In the Kalobeyei Settlement and host community town, ESDS Kenya supported the Covid-19 response measures of the local authorities by connecting facilities to the two existing mini-grids. In total, 3 health facilities, providing medical serivces to refugees and host community, 4 schools, earmarked as isolation centers, and one horticultural farm run by WFP which sustains the food supply, were connected to the mini-grids. While these measures serve as immediate contribution to efforts to contain the pandemic, they also improve the energy services in Kakuma long-term wise and align with the broader objective of ESDS.
Mini-Grid in Kalobeyei.Source: Renewvia Energy
The Kakuma Refugee Camp and the Kalobeyei Integrated Settlement, located in Turkana County at the north-western border of Kenya, currently host close to 200,000 refugees from Eastern and Central Africa. Albeit donors and humanitarian organizations installed mini-grids and the nearby Kakuma town is connected to a sub-station of the national grid, only 5% of households in the camps had reliable access to electricity in 2019 according to UNHCR, while many systems, including the sub-station, run on diesel-Generators.
As part of its efforts facilitate the market-entry of private sector actors in providing sustainable energy, GIZ’s EnDev Project supported the installation of two mini-grids in the Kalobeyei Settlement Village 1 and Host Community Town in cooperation with national and local authorities and UNHCR. The mini-grids are run by a private company on a self-sustaining business model and provide electricity for households from the refugee and host community, SMEs and social institutions at a tariff close to the national level. It does not include any anchor-client or offtake agreement. This was achieved by offering a grant to cover a portion of the capital investment and Results-based Financing (RBF) to the operating company. Since September 2019, both mini-grids are operational.
They consist of PV-panels, inverters, charge controllers and batteries that provide 60kWp with 120kWh storage in the settlement, and 20kWp with 60kWh storage in the host town. A 100kVA diesel-generator serves as back-up for the mini-grid in the settlement and was sized based on estimated consumption patterns. All demand sites in the settlement are spread around 4km², with the distribution lines extending to Xkm and covering mostly customers in proximity to the mini-grids. The operating company installed meters to measure their consumption which are read on a digitally/monthly basis and paid in cash/mobile money. In the initial operation period average monthly electricity consumption of settlement and host town households experienced a nearly six-fold rise in and stands currently for both at around 6kWh. This shows the contribution of the mini-grids to improve the energy access of previously excluded populations.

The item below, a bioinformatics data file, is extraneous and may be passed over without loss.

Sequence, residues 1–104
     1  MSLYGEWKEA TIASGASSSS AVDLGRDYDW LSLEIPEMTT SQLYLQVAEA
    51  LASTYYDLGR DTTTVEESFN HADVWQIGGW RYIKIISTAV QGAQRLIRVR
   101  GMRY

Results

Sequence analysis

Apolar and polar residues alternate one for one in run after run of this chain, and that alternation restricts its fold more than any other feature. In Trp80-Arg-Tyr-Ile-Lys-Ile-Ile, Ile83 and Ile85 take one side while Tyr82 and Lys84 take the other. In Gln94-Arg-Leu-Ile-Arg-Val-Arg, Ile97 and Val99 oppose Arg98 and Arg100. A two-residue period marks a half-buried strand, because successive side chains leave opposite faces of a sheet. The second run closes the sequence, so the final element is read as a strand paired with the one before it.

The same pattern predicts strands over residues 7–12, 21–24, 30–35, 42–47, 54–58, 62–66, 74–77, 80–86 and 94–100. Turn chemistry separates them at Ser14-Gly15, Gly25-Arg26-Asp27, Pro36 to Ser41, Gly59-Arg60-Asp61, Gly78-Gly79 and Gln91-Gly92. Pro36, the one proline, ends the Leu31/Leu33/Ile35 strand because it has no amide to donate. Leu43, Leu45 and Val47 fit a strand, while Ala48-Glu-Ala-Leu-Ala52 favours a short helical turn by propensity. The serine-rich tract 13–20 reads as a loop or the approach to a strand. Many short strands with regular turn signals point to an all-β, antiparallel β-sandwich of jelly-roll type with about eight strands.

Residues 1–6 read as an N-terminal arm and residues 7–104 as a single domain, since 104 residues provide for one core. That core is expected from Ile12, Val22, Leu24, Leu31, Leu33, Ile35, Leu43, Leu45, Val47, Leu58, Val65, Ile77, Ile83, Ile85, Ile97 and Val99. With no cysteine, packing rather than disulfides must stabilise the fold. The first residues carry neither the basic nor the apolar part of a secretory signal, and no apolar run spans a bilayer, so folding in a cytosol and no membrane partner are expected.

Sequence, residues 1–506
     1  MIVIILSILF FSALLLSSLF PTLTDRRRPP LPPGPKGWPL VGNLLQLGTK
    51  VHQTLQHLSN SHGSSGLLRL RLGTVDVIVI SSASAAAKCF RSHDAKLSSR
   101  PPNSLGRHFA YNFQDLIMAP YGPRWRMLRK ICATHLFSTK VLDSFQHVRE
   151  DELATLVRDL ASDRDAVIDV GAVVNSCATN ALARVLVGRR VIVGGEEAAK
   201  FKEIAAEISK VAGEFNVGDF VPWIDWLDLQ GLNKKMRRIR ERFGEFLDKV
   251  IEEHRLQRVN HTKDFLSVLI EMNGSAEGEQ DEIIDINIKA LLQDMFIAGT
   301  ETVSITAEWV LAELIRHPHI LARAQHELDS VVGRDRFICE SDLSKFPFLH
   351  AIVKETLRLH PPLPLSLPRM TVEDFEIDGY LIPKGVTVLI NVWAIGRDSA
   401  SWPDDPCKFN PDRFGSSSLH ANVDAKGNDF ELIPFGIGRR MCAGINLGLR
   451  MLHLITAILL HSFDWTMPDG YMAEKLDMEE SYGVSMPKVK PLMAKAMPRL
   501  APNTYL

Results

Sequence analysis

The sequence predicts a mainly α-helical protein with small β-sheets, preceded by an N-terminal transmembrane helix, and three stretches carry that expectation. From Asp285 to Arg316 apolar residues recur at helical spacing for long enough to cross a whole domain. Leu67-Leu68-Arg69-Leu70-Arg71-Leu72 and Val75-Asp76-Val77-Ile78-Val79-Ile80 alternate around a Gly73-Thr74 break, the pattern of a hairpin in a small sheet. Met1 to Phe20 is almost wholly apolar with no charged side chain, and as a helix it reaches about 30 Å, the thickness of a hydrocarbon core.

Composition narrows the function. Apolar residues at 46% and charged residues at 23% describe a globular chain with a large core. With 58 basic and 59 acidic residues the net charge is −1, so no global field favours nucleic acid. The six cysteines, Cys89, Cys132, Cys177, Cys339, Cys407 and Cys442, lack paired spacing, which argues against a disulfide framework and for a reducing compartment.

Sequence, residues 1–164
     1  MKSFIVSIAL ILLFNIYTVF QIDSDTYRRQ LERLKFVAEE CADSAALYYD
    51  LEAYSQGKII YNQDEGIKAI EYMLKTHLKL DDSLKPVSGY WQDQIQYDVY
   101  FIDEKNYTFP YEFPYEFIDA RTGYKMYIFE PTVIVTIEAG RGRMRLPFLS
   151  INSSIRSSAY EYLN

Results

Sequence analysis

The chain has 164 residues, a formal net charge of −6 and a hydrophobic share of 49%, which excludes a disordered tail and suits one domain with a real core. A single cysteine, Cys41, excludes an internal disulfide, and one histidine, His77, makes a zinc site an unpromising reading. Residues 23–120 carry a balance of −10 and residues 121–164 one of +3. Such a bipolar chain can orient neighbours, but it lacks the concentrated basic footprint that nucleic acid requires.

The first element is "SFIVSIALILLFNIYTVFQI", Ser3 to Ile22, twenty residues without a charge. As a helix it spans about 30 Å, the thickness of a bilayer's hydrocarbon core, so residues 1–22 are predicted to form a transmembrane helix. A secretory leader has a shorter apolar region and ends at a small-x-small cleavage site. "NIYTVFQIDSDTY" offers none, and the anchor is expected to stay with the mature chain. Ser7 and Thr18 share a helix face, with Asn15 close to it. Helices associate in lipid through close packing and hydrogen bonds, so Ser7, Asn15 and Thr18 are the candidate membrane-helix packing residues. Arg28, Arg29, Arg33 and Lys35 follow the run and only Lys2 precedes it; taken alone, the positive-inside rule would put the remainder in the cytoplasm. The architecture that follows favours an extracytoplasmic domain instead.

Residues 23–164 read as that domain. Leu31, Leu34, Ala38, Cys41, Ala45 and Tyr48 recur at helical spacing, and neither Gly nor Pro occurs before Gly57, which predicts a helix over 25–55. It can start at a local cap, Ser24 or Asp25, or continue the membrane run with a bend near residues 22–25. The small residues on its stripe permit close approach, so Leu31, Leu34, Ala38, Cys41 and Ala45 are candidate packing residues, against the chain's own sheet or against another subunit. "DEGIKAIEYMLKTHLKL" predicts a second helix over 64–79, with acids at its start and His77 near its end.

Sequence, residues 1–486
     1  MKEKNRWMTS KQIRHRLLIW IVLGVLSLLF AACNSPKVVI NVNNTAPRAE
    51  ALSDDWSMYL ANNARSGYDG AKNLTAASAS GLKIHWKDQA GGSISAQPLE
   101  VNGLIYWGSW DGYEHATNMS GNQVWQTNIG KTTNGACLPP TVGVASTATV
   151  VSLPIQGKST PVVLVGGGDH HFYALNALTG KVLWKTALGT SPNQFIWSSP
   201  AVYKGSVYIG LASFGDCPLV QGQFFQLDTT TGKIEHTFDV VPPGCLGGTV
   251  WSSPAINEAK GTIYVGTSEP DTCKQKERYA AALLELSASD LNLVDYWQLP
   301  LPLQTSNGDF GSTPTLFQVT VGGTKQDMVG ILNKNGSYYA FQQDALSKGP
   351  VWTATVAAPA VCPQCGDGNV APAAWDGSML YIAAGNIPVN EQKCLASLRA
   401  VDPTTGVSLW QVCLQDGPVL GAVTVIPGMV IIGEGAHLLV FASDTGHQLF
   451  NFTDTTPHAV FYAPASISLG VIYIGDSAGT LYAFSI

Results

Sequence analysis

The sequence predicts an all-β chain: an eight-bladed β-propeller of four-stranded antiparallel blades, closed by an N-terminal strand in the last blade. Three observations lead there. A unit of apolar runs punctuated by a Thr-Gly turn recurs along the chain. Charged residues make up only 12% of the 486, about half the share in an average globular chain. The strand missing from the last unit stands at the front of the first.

Given this success, ESDS Kenya, acting complementary to EnDev, is commissioned to facilitate the expansion of the mini-grids into the Villages 2 and 3 of the Kalobeyei Settlement. This takes place in close coordination with the Turkana County government and serves its Kalobeyei Integrated Socio-Economic Development Plan (KISEDP). As market-studies by EnDev suggested that the majority of refugee households cannot afford the current, already subsidized tariff, financing schemes are being explored as support measures to reach a broad consumer base. As a second pillar of its activities, ESDS Kenya assists UNHCR in its transition towards a cleaner energy supply by supporting the solarization of the infrastructure of the facilities it maintains in Kalobeyei and Kakuma.
However, the outbreak of COVID-19 necessitated an adjustment to these plans: With the objective to provide immediate and high-impact support to Kalobeyei’s inhabitants, ESDS Kenya prioritized the connection of facilities to the mini-grids that reinforce response measures to the pandemic. This included 3 health facilities, 2 in the settlement and one in the host town, 4 learning institutions in the settlement that serve as isolation centers, and a WFP horticultural farm that sustains the food supply.
These measures improve the preparedness of the Kalobeyei Settlements and Host Community Town to COVID-19 and are being/could be completed despite the restrictions on movement and interaction put in place by authorities. With the first infection reported on 25th May 2020 in Kakuma and Kalobeyei, the connected facilities take a significant role in curbing the spread of the virus and keeping the situation under control.
Notwithstanding the fact that the mini-grid connection of the facilitates took place under light of the pandemic, the impact of these activities goes beyond it. The electricity-access of the facilities improves health care services and offers learning opportunities for refugee and host community households that enhance the quality of life for the inhabitants of Kalobeyei.
In subsequent steps, ESDS Kenya will work towards sustaining the operation and maintenance of the distribution lines with private sector involvement and refocus its attention to upscaling the mini-grids by connecting additional customers in the other villages of the settlement and making the electricity more affordable.